Sunday, September 26, 2010
Princeton professor chides our "strategic ingorance", and lists the practices that future generations will judge us harshly for
We play Dr. Phil and say “what we people thinking?” when we look at our own history, with practices in the past that are now seen as shameful. One of the obvious ones is slavery, followed by segregation. Affiah talks about “strategic ignorance”. You could apply that to today’s trade problems. When we buy “cheap” imports (that in a different system might have been made at home with union labor), we don’t think about working conditions and exploitation half way across the world.
Affiah lists four big wrongs:
(1) The prison system
(2) Industrial meat production. Those who saw the movie “Babe” know what he is talking about
(3) The institutionalization and isolation of many of our elderly. In poorer cultures, extended families stay together, and splitting off is not a valid choice. This issue is just now running away from us, with smaller families, and extended life spans; the individualist solution (even on Oprah with Dr. Oz) has been to demand that people be responsible for their own health habits lifetime. But the religious right has been able to tie this issue to “demographic winter”.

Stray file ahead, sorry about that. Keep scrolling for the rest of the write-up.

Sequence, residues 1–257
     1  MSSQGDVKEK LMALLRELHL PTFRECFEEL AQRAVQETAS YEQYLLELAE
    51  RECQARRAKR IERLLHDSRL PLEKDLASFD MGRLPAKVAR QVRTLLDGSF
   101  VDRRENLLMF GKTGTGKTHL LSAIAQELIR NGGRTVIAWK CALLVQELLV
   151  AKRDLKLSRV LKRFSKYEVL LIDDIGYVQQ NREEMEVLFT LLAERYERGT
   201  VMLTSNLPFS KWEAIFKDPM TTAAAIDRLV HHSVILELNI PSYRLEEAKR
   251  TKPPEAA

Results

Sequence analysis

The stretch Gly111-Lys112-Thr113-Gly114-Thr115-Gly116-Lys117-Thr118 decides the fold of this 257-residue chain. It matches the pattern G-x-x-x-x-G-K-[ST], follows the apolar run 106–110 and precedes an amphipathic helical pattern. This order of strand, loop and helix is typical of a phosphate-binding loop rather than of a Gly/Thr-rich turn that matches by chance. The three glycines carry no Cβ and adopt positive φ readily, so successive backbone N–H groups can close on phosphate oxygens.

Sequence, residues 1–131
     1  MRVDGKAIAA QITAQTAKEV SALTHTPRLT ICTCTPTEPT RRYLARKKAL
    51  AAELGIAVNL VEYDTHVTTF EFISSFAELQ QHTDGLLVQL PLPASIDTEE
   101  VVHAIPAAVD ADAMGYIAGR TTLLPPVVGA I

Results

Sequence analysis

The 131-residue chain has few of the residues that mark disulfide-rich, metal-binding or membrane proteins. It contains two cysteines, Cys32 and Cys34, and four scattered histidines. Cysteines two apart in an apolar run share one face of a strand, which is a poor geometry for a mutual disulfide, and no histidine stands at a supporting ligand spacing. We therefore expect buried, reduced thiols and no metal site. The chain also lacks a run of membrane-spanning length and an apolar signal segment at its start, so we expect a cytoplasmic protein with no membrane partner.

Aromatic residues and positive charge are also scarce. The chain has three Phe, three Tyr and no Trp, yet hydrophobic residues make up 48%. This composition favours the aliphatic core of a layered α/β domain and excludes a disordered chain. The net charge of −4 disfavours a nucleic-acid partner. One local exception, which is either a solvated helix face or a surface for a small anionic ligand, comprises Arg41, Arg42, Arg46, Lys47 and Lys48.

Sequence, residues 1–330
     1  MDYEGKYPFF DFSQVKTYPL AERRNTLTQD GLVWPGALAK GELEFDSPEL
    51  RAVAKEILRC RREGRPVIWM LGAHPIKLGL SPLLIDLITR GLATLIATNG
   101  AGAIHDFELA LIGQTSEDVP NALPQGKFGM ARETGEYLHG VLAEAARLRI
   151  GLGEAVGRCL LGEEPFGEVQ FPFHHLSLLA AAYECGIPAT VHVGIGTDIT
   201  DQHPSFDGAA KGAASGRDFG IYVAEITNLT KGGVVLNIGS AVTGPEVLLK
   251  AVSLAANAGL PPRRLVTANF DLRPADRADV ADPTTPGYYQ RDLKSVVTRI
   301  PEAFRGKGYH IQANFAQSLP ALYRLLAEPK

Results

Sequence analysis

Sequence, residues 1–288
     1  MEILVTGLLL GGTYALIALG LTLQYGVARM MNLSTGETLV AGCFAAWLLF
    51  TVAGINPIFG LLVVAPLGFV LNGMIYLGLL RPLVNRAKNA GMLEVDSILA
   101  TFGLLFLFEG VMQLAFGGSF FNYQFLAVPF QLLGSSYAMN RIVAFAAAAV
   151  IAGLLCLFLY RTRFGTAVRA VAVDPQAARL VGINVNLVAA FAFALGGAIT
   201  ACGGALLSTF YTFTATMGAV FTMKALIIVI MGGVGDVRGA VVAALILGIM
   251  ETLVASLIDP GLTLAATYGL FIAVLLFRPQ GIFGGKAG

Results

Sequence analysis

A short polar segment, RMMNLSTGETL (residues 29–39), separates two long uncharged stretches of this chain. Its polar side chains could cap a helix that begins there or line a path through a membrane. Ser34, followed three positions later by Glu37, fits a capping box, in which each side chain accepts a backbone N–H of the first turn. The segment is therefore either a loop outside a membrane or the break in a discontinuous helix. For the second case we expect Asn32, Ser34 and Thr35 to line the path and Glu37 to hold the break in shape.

(4) The environment, and probably peak oil – the traditional “inconvenient truths”; Al Gore was only the beginning.
Others will come up with more items, such as financial ponzi schemes, tolerating the pre-existing conditions problem for health care, or gross homophobia. Or maybe that the tobacco industry was so powerful for so long. In fact, all of these issues are linked, in some way, to “culture wars” and “family values”, and perhaps to hyperindividualism. Both the far Left and the far Right demand that everyone have their own personal skin in their communities, and in various ways trying to implement such requirements (on individual people, making sure that nobody “gets out of things”) can bring back totalitarianism or at least authoritarianism. (I often speak about the Vietnam era draft with the deferment problem as a typical example – when today we debate “don’t ask don’t tell”.) But even hyperindividualism (which much of his article amounts to) can lead us to very disturbing end points.
Something else, too: most of the “abuses” of the past have indeed occurred in a “family based” society, where family values, lineage, and religion could be used to cover up other problems. Back in 2004, another Princetonian, David Callahan, showed us a lot of this in his book “The Cheating Culture”.
The link is here.